It’s 6:30 at night. We’ve been home for about 10 minutes and I am running around like I usually am at this time. Trying to get dinner ready, attempting to put away the dishes, and bringing a fresh load of laundry to my daughter’s room so that I can make her bed.
That’s when she catches me. She’s sitting on the floor reading a book in the corner when she looks up and says, “Sit with me, Mommy.”
And my heart drops.
Somehow, in the next hour and a half I have to get her fed, bathed, and put to bed. As a single mother I can’t turn to my spouse and say, “Hey babe, can you finish dinner up so that I can play with the kiddo?”
If I don’t do these things, they simply won’t get done.
Don’t get me wrong — my girl and I get a lot of quality time together. I intentionally have her in part time day care so that our mornings can be spent just the two of us. I color with her, I read to her every night, and I try really hard to have some quality one-on-one time every single day.
But at least once a day, I also hear myself saying, “Not right now, sweetheart. Mommy’s busy.”
And it kind of breaks my heart a little.
Sure, I could avoid the household chores until nighttime when she’s finally in bed. But usually, I have work left over to complete during those hours. I’m also tired and I never go to sleep before midnight.
I love my little girl. She is absolutely the best thing to ever happen to me and I thoroughly enjoy spending time with her. But the dishes still need to be washed, the laundry still needs to be put away, and the trash still needs to be taken out. And there are never enough hours in the day.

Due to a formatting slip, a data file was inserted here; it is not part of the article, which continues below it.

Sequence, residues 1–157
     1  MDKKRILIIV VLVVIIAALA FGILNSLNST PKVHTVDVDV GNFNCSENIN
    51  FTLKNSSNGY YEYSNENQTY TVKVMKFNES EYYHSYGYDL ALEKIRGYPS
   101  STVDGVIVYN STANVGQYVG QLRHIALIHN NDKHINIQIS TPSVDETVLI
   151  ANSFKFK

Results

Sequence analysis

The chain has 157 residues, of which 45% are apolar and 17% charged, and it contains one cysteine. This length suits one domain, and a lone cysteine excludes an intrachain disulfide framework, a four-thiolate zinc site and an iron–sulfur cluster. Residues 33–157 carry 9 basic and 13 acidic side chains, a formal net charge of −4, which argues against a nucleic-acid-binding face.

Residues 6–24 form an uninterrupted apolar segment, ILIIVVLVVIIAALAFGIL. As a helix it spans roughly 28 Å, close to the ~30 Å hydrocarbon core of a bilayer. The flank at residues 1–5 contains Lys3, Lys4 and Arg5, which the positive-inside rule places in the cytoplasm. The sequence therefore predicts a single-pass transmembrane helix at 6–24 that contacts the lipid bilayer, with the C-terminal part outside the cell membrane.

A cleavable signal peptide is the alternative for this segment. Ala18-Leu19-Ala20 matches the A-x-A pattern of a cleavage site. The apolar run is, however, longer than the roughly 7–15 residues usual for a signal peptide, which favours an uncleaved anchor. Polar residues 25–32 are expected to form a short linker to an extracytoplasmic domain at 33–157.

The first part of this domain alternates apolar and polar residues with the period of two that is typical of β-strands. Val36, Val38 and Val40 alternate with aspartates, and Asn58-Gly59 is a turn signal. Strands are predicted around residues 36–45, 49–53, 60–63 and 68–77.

So when my little girl grabs my hand while I’m in the middle of doing something, and tries to take me to her room to play, I find myself torn. I want nothing more than to cling to those chubby fingers and follow her wherever she might lead, but routinely hear myself say instead, “Just let mommy do this one thing first.”
Every single day and I hate it.
The message sent to mothers is often that we should just drop everything for our kids. In theory, I do agree with that — my girl will always be more important than any chore. But isn’t it also kind of my responsibility to teach her… responsibility?
I tell myself that my little girl could benefit from learning the patience that comes with me not dropping everything every time she wants to play. I remind myself that as an only child, knowing the world does not bend to her will is probably a good thing. And that learning to entertain herself during those times I am otherwise occupied certainly can’t hurt.
I tell myself these things and I do know them to be true, but still. When that kid looks up at me with sweetness in her eyes and says, “Sit with me, Mommy?”
All I really want to do is sit.More On